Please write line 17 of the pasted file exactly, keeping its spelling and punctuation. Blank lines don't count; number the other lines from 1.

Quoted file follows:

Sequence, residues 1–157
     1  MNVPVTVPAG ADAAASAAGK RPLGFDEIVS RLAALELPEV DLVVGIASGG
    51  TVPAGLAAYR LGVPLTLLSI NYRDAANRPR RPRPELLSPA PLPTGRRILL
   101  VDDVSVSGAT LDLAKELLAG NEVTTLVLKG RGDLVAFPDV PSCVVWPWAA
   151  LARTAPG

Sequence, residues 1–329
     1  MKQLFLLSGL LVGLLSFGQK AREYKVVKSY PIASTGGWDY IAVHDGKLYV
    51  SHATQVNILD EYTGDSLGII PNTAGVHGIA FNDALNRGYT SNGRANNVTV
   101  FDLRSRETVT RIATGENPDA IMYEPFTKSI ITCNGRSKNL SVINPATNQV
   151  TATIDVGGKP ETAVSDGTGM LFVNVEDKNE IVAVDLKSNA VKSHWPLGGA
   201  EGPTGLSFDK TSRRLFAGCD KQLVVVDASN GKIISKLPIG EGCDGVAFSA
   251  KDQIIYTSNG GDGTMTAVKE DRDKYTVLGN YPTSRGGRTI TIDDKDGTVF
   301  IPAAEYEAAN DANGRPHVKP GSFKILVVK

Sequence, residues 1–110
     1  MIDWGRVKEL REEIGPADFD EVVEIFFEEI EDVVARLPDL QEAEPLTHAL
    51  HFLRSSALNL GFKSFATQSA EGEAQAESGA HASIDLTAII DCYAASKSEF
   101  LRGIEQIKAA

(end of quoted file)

   101  LRGIEQIKAA